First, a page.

Securing a Sanctuary

By Ann Longmore-Etheridge

“This particular community has come under significant threat in the past several years,” Slotnick explains. “They were the victims in the attack in Mumbai and have been subject to various acts of anti-Semitism around the world…. I have done training for [Chabad-Lubavitch] internationally, as well as a number of risk threat and vulnerability assessments for various institutions in support of nonprofit security grants, so it was a natural progression of ‘We are going to build this. We know we need security. Will you work with us on this?’”

The new Chabad House includes a synagogue, an office for the rabbi, and multiple rooms and halls for the use of the members. It can accommodate a congregation of about 150. “The issue is, for many houses of worship, how do you balance the requirements and needs of a secure environment while providing a facility that is open and welcoming to the people who want to come in?” says Slotnick.

He began by conducting a risk assessment. “The first part of designing any physical security system is to understand the potential threats and consequences,” he states. Armed with his results, Slotnick helped the rabbi submit an application for a DHS grant. DHS granted $71,000 last October.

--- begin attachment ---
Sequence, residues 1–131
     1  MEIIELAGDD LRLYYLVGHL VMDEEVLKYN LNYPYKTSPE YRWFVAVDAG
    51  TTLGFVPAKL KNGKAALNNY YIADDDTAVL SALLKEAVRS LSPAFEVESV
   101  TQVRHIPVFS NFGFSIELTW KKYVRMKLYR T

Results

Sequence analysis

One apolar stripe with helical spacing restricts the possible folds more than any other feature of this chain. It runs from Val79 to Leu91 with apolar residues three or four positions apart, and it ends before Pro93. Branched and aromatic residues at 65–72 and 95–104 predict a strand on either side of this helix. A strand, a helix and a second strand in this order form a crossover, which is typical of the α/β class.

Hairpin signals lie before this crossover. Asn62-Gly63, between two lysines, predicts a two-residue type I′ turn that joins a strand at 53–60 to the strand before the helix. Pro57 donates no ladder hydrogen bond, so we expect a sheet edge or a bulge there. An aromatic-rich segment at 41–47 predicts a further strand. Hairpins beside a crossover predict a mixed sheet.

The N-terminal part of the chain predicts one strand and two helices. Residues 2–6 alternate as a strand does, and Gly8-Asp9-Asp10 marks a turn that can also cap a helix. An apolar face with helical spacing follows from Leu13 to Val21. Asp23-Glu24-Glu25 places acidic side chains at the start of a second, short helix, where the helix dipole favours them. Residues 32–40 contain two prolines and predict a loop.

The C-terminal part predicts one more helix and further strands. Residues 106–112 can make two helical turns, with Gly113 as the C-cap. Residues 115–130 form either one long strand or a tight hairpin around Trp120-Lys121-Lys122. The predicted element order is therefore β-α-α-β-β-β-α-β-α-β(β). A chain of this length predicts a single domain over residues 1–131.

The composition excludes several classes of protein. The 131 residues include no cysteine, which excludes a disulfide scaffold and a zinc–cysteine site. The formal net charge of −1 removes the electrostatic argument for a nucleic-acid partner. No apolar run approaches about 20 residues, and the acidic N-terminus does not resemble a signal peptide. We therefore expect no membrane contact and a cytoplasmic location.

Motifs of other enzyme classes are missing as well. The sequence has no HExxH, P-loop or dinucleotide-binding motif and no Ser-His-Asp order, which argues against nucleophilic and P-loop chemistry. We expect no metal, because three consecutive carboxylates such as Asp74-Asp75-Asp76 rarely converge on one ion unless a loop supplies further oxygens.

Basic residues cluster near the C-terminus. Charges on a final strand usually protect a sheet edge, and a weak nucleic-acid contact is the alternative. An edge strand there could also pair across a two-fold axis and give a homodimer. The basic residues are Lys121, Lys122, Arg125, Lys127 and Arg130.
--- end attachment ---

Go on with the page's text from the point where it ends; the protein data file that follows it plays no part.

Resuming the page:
As the project got underway, Slotnick worked closely with the rabbi and the project’s architects, “because not only is the security system an issue,” he explained, “but I wanted to ensure that we had ‘crime prevention through environmental design’ principles applied in the lighting and landscaping.”

For example, the design plans called for a green strip of trees between the parking area and the sidewalk. “I wanted to put the trees in planters that are devices to prevent cars from driving up on the sidewalk and crashing into the front door of the synagogue. So we worked with a landscape designer to get the appropriate tree and the right size pot that was rated for impact,” he says.

As another example, the rabbi had envisioned strong exterior lighting, but Slot­nick thought that a better alternative was a less powerful down-lighting. This would work with the infrared video-analytic cameras he wanted to use as well as not blast the neighbors with industrial-strength brightness.


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